24 Oct 2016, 46 mins ago

Government officials have agreed to publish hidden statistics in relation to EU immigrations on 26 May 2016, after pressure from Eurosceptics. These figures will reveal how many EU migrants are current working and claiming benefits in the UK. This decision came as David Cameron rejected suggestions that the EU referendum is distracting ministers after a series of blunders and lashed out at the media of over-exaggerating Tory splits. There is a concern that this publication could provide a boost in the number of people voting to back Britain leaving the EU. Currently a poll suggests that the EU referendum is on the edge with the In-campaign on 51% and the Out-campaign on 49% with less than 3 months before the vote is due to take place.

This week the Brexit campaign have claimed that immigration is putting “unsustainable” pressure on the NHS service. Historically, the method for calculating official statistics has been to count the number of migrants coming into British airports. However, the discrepancy between this number and the number of those given National Insurance numbers has led to concerns that the scale of migration is far higher than believed. According to the Office of National Statistics 904,000 EU nationals have moved to Britain over the last 5 years, however 2.25 million National Insurance numbers were issued with leaves a gap of 1.3 million.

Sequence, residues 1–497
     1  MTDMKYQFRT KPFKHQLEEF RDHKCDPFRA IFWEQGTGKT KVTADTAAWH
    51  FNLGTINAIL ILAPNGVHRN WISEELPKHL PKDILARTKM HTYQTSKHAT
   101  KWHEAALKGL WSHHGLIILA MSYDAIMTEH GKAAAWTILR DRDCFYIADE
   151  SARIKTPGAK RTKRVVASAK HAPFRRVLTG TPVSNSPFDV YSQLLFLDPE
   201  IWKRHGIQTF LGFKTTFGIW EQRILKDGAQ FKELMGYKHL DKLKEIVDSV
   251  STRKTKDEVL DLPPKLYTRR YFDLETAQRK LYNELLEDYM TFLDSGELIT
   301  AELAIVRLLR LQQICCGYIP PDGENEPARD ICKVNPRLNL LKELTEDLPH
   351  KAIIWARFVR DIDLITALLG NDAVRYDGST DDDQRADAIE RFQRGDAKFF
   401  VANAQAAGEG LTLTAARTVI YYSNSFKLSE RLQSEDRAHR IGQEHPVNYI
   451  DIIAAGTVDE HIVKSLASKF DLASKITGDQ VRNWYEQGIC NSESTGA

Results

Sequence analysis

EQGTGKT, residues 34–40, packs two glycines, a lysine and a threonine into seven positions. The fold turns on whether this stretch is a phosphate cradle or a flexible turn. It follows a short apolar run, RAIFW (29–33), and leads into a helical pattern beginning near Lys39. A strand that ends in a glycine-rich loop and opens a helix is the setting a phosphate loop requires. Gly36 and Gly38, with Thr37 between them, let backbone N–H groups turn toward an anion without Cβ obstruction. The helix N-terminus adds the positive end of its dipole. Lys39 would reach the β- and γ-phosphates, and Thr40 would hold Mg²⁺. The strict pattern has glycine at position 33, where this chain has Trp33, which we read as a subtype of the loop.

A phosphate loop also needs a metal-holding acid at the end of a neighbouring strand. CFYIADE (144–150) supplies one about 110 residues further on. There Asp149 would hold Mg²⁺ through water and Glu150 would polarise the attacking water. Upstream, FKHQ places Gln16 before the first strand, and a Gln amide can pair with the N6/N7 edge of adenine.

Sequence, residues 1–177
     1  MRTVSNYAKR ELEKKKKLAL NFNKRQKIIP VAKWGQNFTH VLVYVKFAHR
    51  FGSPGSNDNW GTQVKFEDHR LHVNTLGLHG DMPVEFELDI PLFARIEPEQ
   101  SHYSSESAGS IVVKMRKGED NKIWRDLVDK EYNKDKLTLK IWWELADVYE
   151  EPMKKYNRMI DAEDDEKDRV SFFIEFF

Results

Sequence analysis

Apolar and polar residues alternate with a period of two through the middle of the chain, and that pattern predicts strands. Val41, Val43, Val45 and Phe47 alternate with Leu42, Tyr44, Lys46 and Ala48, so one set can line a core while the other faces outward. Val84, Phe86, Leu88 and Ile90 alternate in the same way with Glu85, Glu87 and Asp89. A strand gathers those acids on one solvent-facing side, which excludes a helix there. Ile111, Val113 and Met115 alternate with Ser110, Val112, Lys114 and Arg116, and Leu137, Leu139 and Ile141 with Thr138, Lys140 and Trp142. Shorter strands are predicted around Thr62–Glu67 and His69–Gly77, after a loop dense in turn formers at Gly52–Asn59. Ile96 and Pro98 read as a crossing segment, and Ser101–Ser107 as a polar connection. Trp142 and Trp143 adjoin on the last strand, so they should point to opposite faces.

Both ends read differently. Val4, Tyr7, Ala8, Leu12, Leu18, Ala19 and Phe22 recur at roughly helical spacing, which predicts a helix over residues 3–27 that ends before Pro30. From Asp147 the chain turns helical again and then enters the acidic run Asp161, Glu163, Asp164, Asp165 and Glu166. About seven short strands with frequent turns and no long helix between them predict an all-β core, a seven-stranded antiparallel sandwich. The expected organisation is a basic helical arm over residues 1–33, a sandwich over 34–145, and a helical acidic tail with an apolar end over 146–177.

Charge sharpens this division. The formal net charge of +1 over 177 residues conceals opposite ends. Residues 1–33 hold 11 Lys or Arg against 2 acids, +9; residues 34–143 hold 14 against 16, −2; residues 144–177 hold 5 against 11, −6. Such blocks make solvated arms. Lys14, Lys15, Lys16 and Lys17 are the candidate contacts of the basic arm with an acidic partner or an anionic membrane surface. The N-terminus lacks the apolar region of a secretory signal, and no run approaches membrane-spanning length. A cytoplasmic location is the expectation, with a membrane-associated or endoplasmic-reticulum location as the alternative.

Jonathan Portes, a former chief economist at the Cabinet Office, originally requested the data in December 2015. He suggested in a blogpost at the time, that refusing to release the information could feed “paranoia and mistrust in official statistics” such as myths about the country being “awash with millions of uncounted illegal immigrants.” However, civil servants at HMRC did not reveal how many National Insurance numbers were active, as they believed it could undermine the Prime Minister’s EU membership renegotiation.

Conversely, the Chief Executive of HMRC, Lin Homer, has now agreed to allow the statistics to be analysed, published and made available to the public. Treasury Select Committee Andrew Tyrie wrote saying: “The Committee expects you to provide the information originally requested without delay.”

These statistics will be published on 26 May 2016, four weeks before the planned EU referendum vote on 23 June 2016.